Reader Question: Feeling Sexy With My Natural Hair

kinky-hair

// photo : Love Fola

Occasionally, I get a question from a reader that is compelling enough to become its own article. This is one of those questions.*

Ev’Yan,

I love my natural hair and I don’t even mind how it looks when it’s wet out of the shower or after I’ve just gotten out of the pool. It’s very kinky and shrunken up and I don’t have curls that bounce around. With that, I feel some kind of way with my hair looking this way while I’m having sex with my husband.

After a romp, the heat and sweat does a number on my fro and I feel like I lose my sexy with matted hair. It’s interesting that I feel this way and I don’t know where this is coming from. Any advice?

—Nikki

 

Nikki,

I can absolutely relate to this, & I know a slew of other naturals can. The transition back to our natural roots is so much more than simply chopping off the relaxed ends of our hair (or using clippers to cut it all off & start anew). It’s about rewiring our brains, reconciling with our new reflections, reestablishing our confidence levels, & unlearning everything we thought we knew about the standard of beauty. When going natural, we prepare ourselves for new hair growth, but never for the grueling, emotionally taxing kind of personal growth.

If I had let it, feeling sexy—or lack thereof—in an afro would’ve deterred me from going natural in the first place. We just don’t often see black, afro’d naturals in the mainstream media. What we see most frequently is a very specific standard of beauty that seems to go across the board: light-skinned, straight- & long-haired, light-eyed, thin-framed beauties. Anyone else that goes outside of that box is considered an anomaly.

Even our own supposed black role models easily fit into this overplayed template of beauty (Rihanna, Beyoncé, Jordan Dunn). And don’t even get me started on the absence of accurate portrayals of black women/men in porn. It’s true that we can watch two relatively attractive blacks get hot & heavy on screen, but the female star is often weaved.

So thank goodness for Solange, Esperanza Spalding, Folasade Adeoso, Yaya DaCosta, Grace Jones, Lupita Nyong’o, & the many, many other black, afro’d beauties we see outside of the mainstream media & inside blogs, YouTube videos, & Tumblr accounts. Without them, I would’ve thought that sexy afro’d women didn’t exist.

When I first BC’d (big chopped), I had steady knowledge that depictions of black afro’d women were rare, so I told myself, “Well, I’ll just create my own standard of beauty, then!”

Now, I’m not saying that my outburst of inner rebellion wasn’t a noble cause. It was. But my therapist once told me that you can’t be what you can’t see. And she’s right.

If there are no consistent images of faces, curl patterns, skin tones, & noses that look like mine, the harmful assumption is that it’s because that’s not what “sexy” & “beautiful” is.

A tough outer exterior & confidence in one’s self is not enough. One needs positive, unabashed reinforcements that their body, their hair, & the expression of their sexuality is as beautiful as it is important.

One needs proof. One must go a step or two further.

So I began to make it a mission to surround myself with images of sexy, afro’d naturals, pushing aside the falsehood that they don’t exist. I had to dig, sometimes tirelessly, for healthy depictions of afro’d beauty. I also had to make a conscious effort to truly see those images & those portrayals, & in doing so, put it in my head, loud & clear, that the it was beautiful/sexy.

That, & being armed with some helpful indie media depictions, helped me to find my sexy as a bushy-haired black woman.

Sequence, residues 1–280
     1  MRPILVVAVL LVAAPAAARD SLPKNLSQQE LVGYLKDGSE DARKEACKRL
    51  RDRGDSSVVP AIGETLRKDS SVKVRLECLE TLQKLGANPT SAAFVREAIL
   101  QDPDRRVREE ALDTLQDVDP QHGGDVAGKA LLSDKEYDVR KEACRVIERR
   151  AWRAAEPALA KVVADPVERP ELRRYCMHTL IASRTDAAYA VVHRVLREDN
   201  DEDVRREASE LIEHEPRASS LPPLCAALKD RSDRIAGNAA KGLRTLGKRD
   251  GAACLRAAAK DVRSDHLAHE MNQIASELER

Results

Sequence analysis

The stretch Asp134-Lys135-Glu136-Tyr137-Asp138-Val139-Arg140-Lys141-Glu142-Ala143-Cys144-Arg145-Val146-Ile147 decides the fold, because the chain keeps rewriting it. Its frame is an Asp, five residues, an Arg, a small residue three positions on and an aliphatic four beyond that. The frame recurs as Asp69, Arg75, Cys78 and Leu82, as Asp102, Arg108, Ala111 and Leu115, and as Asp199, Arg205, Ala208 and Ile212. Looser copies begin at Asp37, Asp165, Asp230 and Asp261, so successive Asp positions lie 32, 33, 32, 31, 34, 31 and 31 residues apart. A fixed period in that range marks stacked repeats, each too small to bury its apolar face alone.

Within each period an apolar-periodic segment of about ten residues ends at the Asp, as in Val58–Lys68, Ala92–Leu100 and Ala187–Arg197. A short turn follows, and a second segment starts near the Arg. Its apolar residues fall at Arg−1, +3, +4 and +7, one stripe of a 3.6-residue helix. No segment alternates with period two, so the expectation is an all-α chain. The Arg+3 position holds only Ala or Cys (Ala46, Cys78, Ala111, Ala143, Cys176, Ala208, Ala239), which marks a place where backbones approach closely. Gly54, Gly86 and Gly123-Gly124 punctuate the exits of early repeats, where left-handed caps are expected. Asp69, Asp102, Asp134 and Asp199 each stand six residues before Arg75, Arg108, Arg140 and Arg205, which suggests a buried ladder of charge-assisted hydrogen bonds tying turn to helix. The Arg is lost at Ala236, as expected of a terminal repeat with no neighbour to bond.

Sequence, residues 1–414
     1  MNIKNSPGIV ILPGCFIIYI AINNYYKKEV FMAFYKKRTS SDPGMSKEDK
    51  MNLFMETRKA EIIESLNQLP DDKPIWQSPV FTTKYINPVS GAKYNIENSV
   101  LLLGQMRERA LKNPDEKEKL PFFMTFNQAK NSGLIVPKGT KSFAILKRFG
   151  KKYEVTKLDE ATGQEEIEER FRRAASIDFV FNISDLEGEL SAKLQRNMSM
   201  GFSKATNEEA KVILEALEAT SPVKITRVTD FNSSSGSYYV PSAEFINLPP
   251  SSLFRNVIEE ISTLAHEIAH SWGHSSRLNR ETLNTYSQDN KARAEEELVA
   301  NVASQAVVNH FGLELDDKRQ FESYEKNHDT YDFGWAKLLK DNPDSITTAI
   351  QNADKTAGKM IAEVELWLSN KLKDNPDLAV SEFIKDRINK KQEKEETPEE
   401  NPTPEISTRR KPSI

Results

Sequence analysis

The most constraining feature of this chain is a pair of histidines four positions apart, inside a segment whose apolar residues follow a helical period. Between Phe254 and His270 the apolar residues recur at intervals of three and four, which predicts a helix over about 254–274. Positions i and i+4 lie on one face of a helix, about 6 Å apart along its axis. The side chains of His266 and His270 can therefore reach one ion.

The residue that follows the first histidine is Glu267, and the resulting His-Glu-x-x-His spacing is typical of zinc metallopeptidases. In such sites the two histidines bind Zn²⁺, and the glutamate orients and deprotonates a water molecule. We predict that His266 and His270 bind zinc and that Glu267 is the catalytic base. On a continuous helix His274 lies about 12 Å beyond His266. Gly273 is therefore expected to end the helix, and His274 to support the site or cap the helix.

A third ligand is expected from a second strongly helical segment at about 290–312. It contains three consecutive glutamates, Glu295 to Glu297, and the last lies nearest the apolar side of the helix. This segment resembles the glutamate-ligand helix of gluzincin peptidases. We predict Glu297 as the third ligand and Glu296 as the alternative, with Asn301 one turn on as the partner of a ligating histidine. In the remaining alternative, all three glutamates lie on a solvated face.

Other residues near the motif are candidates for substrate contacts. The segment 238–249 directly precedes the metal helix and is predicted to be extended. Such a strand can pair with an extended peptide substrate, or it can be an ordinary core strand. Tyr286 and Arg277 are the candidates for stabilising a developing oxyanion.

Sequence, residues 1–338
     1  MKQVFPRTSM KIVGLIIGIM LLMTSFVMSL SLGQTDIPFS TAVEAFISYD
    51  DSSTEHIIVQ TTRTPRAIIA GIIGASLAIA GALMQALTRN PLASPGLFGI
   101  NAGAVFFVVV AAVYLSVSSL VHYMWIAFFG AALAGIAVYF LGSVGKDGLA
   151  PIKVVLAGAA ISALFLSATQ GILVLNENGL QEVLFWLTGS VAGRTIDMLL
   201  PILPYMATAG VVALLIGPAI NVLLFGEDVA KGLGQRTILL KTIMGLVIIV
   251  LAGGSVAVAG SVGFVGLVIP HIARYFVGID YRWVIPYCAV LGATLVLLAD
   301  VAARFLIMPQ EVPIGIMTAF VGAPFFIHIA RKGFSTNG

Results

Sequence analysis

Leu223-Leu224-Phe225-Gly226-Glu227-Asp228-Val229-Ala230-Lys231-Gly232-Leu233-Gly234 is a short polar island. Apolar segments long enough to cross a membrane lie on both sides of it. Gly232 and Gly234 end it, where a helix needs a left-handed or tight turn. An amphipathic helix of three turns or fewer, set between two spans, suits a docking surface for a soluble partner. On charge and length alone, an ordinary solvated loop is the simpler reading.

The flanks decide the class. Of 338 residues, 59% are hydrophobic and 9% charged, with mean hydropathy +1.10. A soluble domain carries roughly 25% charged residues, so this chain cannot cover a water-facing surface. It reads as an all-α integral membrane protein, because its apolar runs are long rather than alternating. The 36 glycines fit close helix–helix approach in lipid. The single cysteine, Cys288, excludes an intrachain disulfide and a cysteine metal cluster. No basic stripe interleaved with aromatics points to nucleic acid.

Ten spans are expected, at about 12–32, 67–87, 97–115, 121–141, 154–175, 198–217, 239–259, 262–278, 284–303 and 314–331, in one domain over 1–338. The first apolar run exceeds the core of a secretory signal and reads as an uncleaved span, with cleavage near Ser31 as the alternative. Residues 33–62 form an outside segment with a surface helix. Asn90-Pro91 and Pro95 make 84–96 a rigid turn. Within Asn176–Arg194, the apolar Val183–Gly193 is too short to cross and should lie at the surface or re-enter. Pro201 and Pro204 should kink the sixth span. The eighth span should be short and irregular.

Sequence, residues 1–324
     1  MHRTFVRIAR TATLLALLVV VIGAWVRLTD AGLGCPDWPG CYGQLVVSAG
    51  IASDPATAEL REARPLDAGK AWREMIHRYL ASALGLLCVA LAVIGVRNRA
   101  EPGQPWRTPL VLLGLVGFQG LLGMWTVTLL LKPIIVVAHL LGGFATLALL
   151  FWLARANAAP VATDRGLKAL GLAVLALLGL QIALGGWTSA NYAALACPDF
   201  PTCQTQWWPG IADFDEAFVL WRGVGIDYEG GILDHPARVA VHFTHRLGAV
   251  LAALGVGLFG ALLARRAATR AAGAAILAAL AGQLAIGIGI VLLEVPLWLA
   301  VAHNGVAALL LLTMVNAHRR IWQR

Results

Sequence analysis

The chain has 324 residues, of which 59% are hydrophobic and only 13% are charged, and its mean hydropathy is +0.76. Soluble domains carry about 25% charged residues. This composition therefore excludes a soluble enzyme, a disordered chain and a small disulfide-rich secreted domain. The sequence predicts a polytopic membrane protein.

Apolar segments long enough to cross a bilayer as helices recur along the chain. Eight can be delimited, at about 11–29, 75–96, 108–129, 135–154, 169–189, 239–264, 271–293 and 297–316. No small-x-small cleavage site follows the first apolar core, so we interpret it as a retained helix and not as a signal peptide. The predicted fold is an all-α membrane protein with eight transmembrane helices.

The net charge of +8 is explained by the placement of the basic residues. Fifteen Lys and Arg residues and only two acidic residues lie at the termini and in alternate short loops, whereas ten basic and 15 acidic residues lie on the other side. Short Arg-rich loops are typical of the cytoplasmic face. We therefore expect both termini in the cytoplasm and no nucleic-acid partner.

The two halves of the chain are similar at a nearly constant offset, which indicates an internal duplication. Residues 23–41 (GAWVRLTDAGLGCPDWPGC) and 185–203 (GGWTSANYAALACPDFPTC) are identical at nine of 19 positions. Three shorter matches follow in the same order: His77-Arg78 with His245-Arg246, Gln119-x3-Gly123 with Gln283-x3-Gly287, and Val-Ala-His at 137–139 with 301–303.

Want to find your sexy? Here are 7 tips to help preserve (or provoke) your natural-haired, erotic self:

(1)  Ask yourself what it means to you to be sexy. What qualities does a sexy person have? What qualities does a sexy person not have? Many of us agree blindly to the terms of “sexy” without actually reading the contract. Remember: You can define what sexy is & isn’t.

(2) Devote a few hours to taking some sensual, scantily clad pictures of yourself. A private photoshoot, of sorts. You control the shots, the angles, how much skin is showing, etc. Use a self-timer & go at it, beautiful. Keep only the pictures you like, or destroy all of them. Absolutely no one has to see these images but you, but you can absolutely share them if you’re feelin’ yourself.

(3) Ask your significant other what it is that makes them sexually attracted to you as a natural. If they say, “I love your hair,” ask them to articulate what they love about it. Have them go into a little detail so you get a clear idea of your sex appeal in their eyes. Their answer(s) will certainly give you a new perspective on yourself as a sex symbol (because you are one in your own right).

(4) When you catch yourself coming out of the shower (or even just walking past a mirror), sit with your reflection for a few seconds longer & admire yourself. See if you can pinpoint features (or an essence) that you feel is sexy. If you can’t think of anything, try harder. If you want to look away, keep your eyes fixated on your body, your curls. This won’t be easy, but it’s needed for you to realize the sex goddess you are.

(5) If you know a romp in the sheets is in your future, plan for it. Braid or twist your hair & pin it back gracefully with bobby pins before bed so that you won’t worry about your man messing up your ‘fro during coitus. I do this myself, & feel 100x more confident when I know my hair is out of the way, but is still being showcased beautifully.

(6) Set boundaries. It’s 100% OK if you have to tell your lover to keep his hands out of your hair while you’re getting it on. And this doesn’t have to be forever. Just at least until you feel comfortable with who you are as a sexual woman & what that entails. . . frizzy hair & all.

(7) When you see a black, natural woman, rather than think, “She’s pretty,” go further. Shift your thoughts to, “She’s sexy. She’s sensual. She’s erotically beautiful.” Admire her body, her skin color, her curls. Soak in her essence, & try to remember that what she’s got, you also have within you, too.